FDA to develop a new framework to prevent future shortage of infant formula

US – Food and Drug Administration (FDA) is developing a new framework to give foreign baby formula manufacturers long-term access to the US market as a strategy for alleviating any future shortages.

Among other things, the framework will work on a pathway of giving long-term access to overseas producers that have already sent supplies.

It will also work on making it easier for new importers to navigate the FDA’s regulatory review process.

In addition, the FDA will provide technical support for companies seeking to enter the baby formula market.

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Before the shortage of infant formula in the US, the federal regulations on baby formula imports had been so strict that few shipments made it to the country.

“The FDA expects that our continued efforts will help infant formula manufacturers who are new entrants to the U.S. market to better continue producing and supplying formula to the US,” the agency said.

FDA Commissioner Dr. Robert Califf added that the recent shutdown of a major infant formula plant of Abbott laboratories, compounded by unforeseen natural weather events, has shown just how vulnerable the supply chain has become.

Califf and Mayne hinted that the agency’s flexibility during the shortage period has enabled some foreign companies to use a greater breadth of their existing, global manufacturing footprint.

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This, according to Califf, has created more resiliency in the US market supply chain and reduced the risk of reliance on too few production facilities supporting the United States.

The government of the US hopes new entrants will reduce the concentration in the baby formula market, where Abbott and Reckitt Benckiser hold a combined 80% share.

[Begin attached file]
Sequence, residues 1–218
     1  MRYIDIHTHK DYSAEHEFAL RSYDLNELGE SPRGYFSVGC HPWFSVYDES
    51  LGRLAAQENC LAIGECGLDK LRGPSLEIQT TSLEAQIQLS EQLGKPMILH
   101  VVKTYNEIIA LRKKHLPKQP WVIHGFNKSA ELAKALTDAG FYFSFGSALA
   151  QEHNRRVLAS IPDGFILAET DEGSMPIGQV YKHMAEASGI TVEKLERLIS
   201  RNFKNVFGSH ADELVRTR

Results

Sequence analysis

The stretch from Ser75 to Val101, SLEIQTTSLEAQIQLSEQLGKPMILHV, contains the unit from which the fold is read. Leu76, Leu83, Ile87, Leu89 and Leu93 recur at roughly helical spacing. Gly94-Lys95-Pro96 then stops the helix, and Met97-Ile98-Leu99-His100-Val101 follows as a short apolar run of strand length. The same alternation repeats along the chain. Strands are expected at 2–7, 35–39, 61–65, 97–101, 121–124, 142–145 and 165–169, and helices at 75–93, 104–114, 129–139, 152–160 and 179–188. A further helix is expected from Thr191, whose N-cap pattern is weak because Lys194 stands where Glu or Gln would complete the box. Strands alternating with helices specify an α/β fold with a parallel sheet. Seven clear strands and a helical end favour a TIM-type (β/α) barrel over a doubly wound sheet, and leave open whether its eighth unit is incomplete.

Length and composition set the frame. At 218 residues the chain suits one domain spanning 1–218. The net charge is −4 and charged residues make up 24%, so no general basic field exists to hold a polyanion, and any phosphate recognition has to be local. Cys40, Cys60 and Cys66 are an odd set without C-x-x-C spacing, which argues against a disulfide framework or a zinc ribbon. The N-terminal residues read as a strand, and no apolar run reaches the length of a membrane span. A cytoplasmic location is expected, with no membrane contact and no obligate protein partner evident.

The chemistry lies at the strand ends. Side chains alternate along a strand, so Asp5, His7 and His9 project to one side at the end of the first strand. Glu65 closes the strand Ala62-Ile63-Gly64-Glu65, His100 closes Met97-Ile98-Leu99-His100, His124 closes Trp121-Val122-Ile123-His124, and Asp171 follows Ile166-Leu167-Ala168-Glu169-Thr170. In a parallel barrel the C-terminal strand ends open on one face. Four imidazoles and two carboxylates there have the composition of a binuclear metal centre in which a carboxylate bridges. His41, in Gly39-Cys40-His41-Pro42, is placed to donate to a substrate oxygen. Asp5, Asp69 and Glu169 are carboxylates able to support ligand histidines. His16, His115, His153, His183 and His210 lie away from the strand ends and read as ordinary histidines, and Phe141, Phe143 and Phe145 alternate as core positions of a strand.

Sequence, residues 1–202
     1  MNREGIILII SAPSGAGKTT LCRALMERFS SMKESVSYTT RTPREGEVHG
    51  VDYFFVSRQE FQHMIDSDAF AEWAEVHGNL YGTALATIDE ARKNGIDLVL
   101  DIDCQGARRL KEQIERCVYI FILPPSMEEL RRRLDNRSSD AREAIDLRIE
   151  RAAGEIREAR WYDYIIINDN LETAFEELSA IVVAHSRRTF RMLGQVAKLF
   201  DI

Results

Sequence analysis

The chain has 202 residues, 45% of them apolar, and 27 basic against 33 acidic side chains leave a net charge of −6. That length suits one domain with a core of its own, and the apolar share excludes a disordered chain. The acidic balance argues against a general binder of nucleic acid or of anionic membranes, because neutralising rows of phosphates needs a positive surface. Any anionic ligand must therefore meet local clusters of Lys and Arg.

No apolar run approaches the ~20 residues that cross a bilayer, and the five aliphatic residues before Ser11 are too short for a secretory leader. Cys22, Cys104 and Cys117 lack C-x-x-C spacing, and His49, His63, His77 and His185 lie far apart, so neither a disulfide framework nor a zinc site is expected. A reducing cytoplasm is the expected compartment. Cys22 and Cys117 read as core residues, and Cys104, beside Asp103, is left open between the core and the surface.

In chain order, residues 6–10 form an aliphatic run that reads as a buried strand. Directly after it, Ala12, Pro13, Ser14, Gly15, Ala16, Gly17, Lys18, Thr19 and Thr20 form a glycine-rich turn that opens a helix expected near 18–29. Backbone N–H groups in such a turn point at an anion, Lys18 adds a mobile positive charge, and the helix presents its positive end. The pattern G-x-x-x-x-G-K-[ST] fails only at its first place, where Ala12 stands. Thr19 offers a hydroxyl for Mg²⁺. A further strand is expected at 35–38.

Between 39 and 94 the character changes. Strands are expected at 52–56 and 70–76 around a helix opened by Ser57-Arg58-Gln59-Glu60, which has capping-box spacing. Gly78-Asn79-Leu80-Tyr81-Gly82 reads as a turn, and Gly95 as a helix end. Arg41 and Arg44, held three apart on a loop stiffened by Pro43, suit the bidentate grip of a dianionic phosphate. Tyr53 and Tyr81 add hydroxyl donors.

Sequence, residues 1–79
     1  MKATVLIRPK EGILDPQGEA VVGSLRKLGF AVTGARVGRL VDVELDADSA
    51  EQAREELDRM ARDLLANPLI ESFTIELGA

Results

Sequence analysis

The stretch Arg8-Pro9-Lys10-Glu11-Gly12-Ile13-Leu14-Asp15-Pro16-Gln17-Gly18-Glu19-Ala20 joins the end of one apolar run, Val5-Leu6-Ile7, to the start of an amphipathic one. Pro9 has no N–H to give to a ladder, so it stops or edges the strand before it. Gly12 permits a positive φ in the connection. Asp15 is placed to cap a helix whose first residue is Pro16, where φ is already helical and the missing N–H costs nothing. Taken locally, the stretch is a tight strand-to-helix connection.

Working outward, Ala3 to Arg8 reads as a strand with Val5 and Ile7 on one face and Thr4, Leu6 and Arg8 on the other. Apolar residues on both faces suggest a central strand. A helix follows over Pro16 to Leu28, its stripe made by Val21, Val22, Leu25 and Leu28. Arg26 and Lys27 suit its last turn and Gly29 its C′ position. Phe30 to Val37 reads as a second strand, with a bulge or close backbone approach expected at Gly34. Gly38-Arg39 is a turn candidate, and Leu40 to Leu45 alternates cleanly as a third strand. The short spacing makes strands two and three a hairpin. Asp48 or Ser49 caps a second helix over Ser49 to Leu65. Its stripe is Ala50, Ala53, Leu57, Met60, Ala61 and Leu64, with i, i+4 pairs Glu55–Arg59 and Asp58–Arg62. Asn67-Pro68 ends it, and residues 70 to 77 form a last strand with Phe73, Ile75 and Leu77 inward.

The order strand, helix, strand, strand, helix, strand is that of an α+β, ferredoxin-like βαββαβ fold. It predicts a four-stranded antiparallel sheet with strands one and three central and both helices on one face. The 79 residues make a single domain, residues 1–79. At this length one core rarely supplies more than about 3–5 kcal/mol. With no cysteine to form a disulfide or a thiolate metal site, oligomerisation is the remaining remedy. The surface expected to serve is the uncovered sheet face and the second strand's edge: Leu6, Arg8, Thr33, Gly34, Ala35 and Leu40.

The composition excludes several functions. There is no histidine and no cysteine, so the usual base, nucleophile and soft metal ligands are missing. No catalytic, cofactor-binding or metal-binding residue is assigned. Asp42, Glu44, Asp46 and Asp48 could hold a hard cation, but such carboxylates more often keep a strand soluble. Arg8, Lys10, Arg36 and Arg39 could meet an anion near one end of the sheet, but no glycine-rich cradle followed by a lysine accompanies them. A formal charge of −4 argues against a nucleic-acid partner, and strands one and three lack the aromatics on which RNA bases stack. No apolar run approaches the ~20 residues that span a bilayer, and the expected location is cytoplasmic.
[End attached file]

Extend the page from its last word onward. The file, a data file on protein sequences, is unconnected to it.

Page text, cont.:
One of the new entrants seeking to continue supplying its products to the U.S. permanently is Bubs Australia.

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According to the manufacturer, since the FDA issued its May guidance, Bubs has worked to supply 1.25 million cans of six of its formula products to the United States.

Bubs founder and CEO Kristy Carr said in a statement that the company plans to work with the FDA to continue to distribute and market its products in the US “without interruption beyond November and over the longer term.”

Other foreign companies also shipping infant formula to the US include Nestlé, Bellamy’s Organic, New Zealand’s Fonterra, and A2 Milk  

Canada runs short in supply of baby formula

Elsewhere, Canada is also experiencing a shortage of baby formula for infants with food allergies and certain medical conditions.

Health Canada says the shortage is limited to only hydrolyzed formulas and amino acid-based formulas.

These types of formulas are created specifically for infants at risk of serious allergic anaphylactic reactions.

The state department has responded that new shipments are expected to arrive next week, however, the agency warns supplies are likely to remain scarce throughout the summer.

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